A Boy on the Street
I saw a boy today. Ten or eleven years old probably—about the age of my own son. He was walking alone along the side of a busy road. He was skinny. His jaw protruded out, an under bite full of crooked yellowish teeth, and his greasy hair was sticking out in all kinds of different directions. His eyes looked vacant. He had a thin, tattered summer jacket on, zipper wide open revealing a lime green stretched out t-shirt that hung almost down to his knees. His pants were too big for him, his shoes hardly up to the task of navigating the slushy dirty city streets. He looked cold.
I stared at the boy as I slowly drove by, but he didn’t look my way. His pace quickened as he tried to make the walk signal. I don’t know where he was going, all by himself on a chilly February afternoon, all by himself with his lime green shirt and his falling apart shoes and his hair and his teeth, and his poor, skinny, damp self. I don’t know his story—don’t know if he has parents or anyone to look after him, anyone to ask him where he was going with his summer jacket with a zipper that doesn’t work. I don’t know his name or what school he goes to or if he goes to school at all or if he has any friends in the world. I don’t know how often he finds himself all alone, wandering down the cold road to God knows where.
I don’t know much about the boy I saw today. But my heart ached for him nonetheless. Somehow when I saw him today, there was a weight of sadness that I can’t really explain or describe very well. The hurt was heavy when I imagined the many sordid scenarios that might lurk behind the boy I saw on the street today. I imagined angry, careless adults who couldn’t cope very well, who yelled at him a lot, who told him to get out of the house, who didn’t care if he got his homework done or if he had something healthy for lunch or if he wanted to try out for the basketball team or learn the trumpet or maybe read a book instead of watching TV all day or if he needed braces… And behind that, I imagined those angry adults as kids themselves—kids dealing with their own angry adults with not much kindness to spare, their own stretched out t-shirts and bad shoes, their own cold, lonely afternoons with no one to help or hold them. And behind that… Well, you know. A weight of sadness.
But all of this is just imagining… What do I really know about this boy on the street? Nothing. And how much can anyone really tell from a brief encounter on a busy day?
I got home and received an email from my son’s band teacher. Said he was doing really well at the bass guitar, that he was a pleasure to work with, gave me a few tips to help him practice more efficiently. My heart was happy and I was filled with pride. I wandered around the house a bit and saw iPods and soccer balls and clarinets and guitars and sheet music and art supplies and books and stuffed animals and all of these other signs of busyness and opportunity and resources and the frenetic quest to help our kids thrive and excel and discover something to go after with all of their hearts.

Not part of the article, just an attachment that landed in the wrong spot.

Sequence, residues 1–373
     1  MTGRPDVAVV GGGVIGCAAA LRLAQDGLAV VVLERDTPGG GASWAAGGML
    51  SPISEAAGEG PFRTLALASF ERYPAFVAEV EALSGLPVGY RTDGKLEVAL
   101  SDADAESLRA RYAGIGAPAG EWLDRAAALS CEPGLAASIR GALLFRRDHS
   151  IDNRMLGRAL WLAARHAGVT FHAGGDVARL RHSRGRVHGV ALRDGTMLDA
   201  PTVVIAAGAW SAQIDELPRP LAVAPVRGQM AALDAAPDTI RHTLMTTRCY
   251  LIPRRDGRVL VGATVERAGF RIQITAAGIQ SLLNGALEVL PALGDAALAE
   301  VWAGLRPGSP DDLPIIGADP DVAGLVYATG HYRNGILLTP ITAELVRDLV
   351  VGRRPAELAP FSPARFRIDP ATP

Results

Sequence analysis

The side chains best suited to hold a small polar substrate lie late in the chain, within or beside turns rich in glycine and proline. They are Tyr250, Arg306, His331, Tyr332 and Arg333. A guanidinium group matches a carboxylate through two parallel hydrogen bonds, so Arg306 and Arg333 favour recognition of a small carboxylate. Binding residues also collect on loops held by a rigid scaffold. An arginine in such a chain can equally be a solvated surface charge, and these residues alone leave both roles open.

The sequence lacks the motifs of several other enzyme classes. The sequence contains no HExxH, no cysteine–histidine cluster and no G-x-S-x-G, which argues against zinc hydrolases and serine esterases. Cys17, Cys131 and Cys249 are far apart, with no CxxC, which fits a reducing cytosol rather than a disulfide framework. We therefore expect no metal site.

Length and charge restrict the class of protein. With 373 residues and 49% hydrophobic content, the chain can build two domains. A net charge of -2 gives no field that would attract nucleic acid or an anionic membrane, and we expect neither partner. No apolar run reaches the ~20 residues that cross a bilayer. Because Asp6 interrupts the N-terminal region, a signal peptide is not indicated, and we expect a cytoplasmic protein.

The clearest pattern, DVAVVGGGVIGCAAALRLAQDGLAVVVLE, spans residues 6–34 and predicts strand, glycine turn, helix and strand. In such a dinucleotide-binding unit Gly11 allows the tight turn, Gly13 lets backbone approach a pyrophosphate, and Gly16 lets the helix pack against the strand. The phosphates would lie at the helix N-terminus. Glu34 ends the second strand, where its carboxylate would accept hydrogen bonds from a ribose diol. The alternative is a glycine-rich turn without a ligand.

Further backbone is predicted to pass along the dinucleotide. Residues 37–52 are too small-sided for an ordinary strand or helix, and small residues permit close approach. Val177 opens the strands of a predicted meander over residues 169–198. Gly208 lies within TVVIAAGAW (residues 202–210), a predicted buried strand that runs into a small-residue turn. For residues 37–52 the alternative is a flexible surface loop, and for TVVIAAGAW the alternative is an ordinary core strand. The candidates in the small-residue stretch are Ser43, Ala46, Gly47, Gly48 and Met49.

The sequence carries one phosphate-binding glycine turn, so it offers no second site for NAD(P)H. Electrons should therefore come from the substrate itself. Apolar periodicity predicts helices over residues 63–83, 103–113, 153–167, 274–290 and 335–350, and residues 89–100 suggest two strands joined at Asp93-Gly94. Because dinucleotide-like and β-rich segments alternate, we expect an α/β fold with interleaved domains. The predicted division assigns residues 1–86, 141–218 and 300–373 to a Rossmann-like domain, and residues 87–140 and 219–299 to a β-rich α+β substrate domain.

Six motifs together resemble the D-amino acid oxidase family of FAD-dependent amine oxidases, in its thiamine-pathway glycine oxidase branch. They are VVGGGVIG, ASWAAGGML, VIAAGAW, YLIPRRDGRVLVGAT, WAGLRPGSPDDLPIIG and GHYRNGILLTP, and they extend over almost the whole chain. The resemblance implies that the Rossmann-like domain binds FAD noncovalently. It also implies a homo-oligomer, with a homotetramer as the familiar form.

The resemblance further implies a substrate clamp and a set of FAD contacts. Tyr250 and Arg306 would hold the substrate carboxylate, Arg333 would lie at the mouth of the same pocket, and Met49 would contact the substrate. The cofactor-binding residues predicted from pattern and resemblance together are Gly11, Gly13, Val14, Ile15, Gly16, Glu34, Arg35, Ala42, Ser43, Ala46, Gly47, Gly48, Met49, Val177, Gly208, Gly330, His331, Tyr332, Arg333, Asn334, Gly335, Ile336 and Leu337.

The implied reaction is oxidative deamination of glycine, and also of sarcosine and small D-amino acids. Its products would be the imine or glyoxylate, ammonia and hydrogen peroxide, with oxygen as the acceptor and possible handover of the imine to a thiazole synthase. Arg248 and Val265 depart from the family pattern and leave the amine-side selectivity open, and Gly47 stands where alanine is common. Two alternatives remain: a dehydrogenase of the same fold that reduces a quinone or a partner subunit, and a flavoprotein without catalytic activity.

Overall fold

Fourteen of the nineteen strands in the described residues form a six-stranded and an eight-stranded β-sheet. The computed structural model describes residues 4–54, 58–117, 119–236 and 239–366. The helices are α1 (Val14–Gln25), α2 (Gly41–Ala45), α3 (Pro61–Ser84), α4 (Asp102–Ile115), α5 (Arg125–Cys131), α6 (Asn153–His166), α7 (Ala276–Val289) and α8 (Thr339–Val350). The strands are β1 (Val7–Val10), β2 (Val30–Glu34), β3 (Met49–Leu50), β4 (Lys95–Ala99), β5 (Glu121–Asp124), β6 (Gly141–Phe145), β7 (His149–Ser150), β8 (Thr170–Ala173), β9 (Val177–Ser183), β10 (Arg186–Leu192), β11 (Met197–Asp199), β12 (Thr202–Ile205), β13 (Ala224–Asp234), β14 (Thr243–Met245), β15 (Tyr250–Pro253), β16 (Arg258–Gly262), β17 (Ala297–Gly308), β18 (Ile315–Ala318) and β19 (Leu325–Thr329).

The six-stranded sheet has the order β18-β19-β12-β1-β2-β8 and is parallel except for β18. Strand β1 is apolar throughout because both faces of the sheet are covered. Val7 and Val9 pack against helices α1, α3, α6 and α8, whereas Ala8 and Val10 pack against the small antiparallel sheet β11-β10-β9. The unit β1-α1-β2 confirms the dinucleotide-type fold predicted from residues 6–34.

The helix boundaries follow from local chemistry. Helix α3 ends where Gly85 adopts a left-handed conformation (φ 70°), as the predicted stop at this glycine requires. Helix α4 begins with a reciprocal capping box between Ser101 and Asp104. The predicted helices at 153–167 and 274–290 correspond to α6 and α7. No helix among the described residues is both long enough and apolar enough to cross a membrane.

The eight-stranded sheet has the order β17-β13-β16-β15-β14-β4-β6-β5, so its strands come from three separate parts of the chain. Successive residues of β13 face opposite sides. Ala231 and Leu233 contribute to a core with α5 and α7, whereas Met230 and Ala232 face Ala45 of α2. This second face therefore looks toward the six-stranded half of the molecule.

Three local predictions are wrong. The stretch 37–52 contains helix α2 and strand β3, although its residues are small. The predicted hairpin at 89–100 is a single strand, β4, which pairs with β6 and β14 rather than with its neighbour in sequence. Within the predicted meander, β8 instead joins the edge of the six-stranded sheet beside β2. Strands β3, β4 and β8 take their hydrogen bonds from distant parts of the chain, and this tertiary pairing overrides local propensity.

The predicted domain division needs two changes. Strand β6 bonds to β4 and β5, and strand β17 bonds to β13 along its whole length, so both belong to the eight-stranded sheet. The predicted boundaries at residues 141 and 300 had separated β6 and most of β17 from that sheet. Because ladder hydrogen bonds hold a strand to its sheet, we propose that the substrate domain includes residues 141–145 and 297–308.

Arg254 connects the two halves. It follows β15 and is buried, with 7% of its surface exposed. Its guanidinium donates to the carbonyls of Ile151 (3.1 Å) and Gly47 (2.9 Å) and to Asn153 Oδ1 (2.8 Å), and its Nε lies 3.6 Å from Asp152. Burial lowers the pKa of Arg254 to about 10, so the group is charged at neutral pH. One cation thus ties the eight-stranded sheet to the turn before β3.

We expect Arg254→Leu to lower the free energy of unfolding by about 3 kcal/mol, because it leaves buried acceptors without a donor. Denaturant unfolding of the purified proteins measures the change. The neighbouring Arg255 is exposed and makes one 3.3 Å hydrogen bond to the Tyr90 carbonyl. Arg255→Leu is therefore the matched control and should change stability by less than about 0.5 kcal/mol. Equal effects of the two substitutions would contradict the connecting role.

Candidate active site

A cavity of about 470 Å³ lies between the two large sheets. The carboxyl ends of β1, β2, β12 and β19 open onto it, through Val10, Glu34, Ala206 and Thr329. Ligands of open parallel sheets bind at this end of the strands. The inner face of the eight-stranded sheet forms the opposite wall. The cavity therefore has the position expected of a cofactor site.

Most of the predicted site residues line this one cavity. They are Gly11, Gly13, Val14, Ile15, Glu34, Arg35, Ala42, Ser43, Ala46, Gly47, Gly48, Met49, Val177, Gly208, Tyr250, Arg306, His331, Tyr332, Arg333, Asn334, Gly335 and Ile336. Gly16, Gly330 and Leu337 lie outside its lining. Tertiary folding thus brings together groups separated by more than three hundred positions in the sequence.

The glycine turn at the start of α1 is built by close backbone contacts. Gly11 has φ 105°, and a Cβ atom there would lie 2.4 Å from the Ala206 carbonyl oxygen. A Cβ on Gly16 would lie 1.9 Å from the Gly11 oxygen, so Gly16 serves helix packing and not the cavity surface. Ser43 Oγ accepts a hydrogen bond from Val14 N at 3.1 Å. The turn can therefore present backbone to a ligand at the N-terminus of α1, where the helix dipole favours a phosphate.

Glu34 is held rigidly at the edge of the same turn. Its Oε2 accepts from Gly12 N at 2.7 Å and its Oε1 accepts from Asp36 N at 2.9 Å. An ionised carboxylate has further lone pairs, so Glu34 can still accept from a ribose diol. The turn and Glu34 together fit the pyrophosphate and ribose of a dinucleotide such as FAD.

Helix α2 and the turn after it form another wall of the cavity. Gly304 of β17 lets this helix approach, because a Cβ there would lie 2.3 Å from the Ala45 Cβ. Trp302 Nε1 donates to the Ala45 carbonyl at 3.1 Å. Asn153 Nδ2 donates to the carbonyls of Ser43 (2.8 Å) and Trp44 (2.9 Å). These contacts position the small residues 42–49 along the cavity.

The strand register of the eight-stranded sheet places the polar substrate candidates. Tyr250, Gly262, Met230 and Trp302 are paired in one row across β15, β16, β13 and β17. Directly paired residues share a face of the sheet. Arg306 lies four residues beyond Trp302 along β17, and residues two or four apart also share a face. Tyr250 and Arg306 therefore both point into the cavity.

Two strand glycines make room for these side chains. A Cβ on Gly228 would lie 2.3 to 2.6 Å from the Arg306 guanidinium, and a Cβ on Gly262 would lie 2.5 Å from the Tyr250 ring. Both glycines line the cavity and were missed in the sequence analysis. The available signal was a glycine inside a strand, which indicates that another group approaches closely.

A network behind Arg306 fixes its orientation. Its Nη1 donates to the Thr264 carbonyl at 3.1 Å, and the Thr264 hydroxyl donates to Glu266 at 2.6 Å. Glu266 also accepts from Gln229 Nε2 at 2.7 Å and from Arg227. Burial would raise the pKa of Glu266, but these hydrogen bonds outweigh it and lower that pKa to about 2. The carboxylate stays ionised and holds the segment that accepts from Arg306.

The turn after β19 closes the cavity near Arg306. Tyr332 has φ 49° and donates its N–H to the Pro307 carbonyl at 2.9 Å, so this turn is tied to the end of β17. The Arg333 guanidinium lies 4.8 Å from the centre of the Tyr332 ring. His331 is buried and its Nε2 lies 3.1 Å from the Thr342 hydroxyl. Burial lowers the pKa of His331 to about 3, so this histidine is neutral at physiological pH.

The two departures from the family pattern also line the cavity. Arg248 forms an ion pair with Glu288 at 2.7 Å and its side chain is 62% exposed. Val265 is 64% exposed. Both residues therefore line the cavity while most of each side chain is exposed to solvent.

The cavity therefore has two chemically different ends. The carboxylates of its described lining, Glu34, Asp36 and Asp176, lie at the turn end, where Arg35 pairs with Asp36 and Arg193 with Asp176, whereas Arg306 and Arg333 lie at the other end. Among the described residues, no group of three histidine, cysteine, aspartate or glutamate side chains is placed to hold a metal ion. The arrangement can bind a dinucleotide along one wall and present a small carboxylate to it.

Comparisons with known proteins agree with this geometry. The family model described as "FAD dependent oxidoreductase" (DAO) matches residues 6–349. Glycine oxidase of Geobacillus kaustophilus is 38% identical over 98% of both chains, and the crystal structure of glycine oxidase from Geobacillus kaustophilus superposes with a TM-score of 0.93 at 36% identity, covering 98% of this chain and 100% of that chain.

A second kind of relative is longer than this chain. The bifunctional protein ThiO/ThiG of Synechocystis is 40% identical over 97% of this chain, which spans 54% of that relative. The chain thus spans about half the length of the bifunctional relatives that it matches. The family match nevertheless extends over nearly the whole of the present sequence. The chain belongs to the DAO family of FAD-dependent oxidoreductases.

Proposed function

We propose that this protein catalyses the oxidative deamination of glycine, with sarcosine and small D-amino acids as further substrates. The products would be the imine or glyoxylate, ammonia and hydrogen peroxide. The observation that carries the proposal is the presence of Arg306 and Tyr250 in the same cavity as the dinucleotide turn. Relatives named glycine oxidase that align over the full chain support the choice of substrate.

And then I thought about the boy I saw on the road earlier in the day.
It struck me as so, well, wrong, that goodness and compassion and opportunity should be so unevenly distributed in our world. It made me so sad and angry to think about this skinny boy with the vacant stare and the bad teeth, all by himself on the dirty, slushy road. It made me wish that I had abandoned whatever important activity I was on my way to when I saw him, parked the car, and asked him if I could walk with him for a bit. Maybe I could have bought him a warmer jacket or a new pair of shoes. Maybe we could have stopped for hot chocolate and a donut. I could have asked him his name and about the kinds of things he was interested in. I could have done something—anything! Who knows how far even a small token of warmth and kindness might have gone?
But I didn’t do any of these things. I drove on down the road. Back to the office, back to work. Important things to do. A bible study to prepare for tonight.
I opened my bible and read the text for tonight’s study. The fourth chapter of Luke. Jesus, quoting these words from Isaiah in the synagogue:
“The Spirit of the Lord is on me,
because he has anointed me
to proclaim good news to the poor.
He has sent me to proclaim freedom for the prisoners
and recovery of sight for the blind,
to set the oppressed free,
to proclaim the year of the Lord’s favor.”
The year of the Lord’s favour. Christ, how we need this. For the weight of the sadness, for the poor, the blind, and the oppressed, for the skinny kids with bad teeth and wild hair who shiver in the cold, for all the grown ups who keep finding ways to neglect them. Yes, we could all do with a bit of the Lord’s favour.